Overall, the book had a powerful message despite a few flaws in the execution.

Review: Till It Stops Beating (The Maddie Chronicles #4)

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Rating: ★★★★

I received this book for free in exchange for an honest review as part of a blog tour for the book. 

This is my second time reading Hannah R. Goodman. I had previously read the YA anthology book she edited and contributed to, Sucker Literary Magazine Vol. 1. I remember really enjoying it so I was excited to read this book. 

Going into this book I did not know that it was part of a series so in the beginning I was a tad bit confused because there were a lot of reference to things that happened in the past. However, I was still able to piece together what happened in the previous books, so you can read this book as a standalone. 

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This was a very touching and realistic story full of emotion and heart. It tackled a lot of heavy topics like cancer and anxiety in a respectful and caring way. There was a good balance between the happy moments and the more somber ones. 

As to what I didn’t like, the ending felt a but rushed to me. It ended pretty quickly. I would have liked for it to have been fleshed out a little more. 

There was also one line in the book that didn’t sit well with me. In describing the main character’s trip to NYC the book states, “We are right in front of one of those grocery stores that reek of Asian food and rotten produce” (83). I don’t quite know what this line was trying to get at, but to me it seemed like a slight jab at Asian grocery stores since they can sometimes be smelly. 

Overall, this was a wonderful and moving book. It had a few flaws, but was still an enjoyable read. 


 

Synopsis

Seventeen-year-old Maddie Hickman’s senior year begins with the good (the reemergence of The One That Got Away), the bad (a cancer diagnosis, not hers, but it might as well be) and the WTF (an anxiety attack that renders her writhing on the floor like an upside down crab).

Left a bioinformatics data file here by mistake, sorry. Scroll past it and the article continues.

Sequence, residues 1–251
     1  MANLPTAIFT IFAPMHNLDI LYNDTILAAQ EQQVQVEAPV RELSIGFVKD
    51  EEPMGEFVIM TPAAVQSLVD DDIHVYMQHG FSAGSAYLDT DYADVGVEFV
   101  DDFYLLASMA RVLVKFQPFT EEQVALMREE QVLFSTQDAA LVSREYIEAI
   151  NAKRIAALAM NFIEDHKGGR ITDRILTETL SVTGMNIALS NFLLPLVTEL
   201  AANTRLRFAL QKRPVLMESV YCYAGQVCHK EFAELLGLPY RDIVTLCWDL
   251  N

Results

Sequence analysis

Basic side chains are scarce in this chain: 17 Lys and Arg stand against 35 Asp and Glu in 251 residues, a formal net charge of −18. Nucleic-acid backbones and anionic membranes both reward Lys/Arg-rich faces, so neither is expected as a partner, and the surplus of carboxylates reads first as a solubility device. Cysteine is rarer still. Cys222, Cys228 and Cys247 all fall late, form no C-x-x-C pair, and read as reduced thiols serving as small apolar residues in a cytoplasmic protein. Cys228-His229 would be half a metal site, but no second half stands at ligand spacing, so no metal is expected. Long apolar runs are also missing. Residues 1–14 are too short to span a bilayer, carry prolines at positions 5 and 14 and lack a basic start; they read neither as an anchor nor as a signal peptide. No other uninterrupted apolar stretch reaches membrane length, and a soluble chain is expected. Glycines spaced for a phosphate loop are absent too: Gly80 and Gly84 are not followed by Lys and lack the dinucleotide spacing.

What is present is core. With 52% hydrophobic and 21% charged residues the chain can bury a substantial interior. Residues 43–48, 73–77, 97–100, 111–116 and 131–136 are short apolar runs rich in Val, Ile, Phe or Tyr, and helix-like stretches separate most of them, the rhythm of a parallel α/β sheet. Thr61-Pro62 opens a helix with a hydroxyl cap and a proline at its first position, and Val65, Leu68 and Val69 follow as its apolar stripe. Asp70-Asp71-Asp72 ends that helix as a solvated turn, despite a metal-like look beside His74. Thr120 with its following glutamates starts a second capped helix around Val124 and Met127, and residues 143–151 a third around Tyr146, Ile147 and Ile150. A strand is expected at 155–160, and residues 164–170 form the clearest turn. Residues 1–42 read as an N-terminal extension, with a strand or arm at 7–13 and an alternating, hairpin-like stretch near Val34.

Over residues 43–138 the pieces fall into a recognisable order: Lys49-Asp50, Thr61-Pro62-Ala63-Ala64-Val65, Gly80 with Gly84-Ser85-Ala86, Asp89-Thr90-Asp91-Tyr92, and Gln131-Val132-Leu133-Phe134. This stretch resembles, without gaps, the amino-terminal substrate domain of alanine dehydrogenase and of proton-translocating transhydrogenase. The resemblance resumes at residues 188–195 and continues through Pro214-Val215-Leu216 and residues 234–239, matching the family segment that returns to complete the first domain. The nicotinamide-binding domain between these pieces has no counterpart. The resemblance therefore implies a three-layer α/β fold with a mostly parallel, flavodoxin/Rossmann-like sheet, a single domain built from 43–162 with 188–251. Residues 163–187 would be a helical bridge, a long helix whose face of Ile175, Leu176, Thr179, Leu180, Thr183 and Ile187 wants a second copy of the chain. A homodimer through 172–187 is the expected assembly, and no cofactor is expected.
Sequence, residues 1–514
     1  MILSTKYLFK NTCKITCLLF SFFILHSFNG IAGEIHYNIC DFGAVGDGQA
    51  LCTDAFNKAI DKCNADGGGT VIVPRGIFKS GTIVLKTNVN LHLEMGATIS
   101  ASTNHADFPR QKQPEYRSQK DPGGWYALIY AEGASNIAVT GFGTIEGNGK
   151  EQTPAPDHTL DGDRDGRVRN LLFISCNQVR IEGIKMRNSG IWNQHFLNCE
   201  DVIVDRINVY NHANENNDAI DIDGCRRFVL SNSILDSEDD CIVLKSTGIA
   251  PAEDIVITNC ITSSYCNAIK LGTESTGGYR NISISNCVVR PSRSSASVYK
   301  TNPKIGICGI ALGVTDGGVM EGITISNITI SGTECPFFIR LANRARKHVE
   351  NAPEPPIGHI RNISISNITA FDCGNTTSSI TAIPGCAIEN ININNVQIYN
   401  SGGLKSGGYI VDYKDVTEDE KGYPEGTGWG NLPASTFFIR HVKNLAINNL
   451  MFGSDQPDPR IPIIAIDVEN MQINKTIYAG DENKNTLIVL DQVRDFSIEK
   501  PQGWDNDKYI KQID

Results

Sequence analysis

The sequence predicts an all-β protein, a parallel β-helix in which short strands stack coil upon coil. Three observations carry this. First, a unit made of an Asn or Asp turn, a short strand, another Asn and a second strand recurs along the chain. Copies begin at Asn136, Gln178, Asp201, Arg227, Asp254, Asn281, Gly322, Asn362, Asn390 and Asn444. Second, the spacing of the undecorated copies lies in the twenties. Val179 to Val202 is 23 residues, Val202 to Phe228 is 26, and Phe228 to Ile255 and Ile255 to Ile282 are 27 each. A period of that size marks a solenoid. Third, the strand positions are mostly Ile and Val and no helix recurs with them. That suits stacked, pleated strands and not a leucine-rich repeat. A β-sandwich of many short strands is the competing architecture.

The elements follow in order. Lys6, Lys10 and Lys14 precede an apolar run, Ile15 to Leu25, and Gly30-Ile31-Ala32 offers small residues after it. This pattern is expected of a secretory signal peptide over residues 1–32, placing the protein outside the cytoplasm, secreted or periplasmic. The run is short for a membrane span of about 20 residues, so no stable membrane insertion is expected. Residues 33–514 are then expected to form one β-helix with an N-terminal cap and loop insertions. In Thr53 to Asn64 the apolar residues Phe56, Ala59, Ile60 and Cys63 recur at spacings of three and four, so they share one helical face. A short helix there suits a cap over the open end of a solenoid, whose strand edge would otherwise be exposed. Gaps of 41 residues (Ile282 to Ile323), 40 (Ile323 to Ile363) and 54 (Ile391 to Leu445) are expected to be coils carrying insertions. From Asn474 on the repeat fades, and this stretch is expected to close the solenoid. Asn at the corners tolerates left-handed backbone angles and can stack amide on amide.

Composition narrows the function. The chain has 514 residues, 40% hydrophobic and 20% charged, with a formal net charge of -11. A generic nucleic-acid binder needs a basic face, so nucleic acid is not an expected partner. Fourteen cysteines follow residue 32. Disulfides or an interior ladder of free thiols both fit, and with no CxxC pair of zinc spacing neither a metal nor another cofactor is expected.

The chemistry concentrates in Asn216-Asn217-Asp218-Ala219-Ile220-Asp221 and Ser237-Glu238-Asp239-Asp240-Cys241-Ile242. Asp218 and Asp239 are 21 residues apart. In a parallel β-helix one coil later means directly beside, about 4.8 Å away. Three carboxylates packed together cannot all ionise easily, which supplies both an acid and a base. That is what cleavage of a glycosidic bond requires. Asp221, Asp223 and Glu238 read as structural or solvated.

Adding to her spiraling anxiety is Senior Project, in the form of I’ve Decided To Write A Book about The Other One That Got Away (And Crushed My Heart). Compounding it all is applying to college and keeping up with her friends. The ever mounting stress eventually rips her tight grip on all that she holds dear. 

Her break down leads to an unexpected road trip where she is forced to listen to her wildly beating heart. It is only in the back of a convertible with pop music blasting, that she discovers she must risk everything in order to really live.

Purchase Link:

Amazon.com https://www.amazon.com/dp/1684330807/‬‬  

Amazon UK – https://www.amazon.co.uk/dp/1684330807/‬‬


 

Author Bio 

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Often referred to as “the teenage whisperer”, Hannah R. Goodman’s twenty-year career working with teenagers includes the titles teacher, tutor, coach, and, more recently, mental health counselor. Hannah has written essays about mental health for various online publications. Her work has appeared on MindBodyGreenOC87 Recovery Diaries,  Zencare.co, and The Mighty. Though she has previously earned the title author with her first three books, the last was released in 2009 and all were self-published. This time around, indie publisher Black Rose Writing released her novel Till It Stops Beating this summer.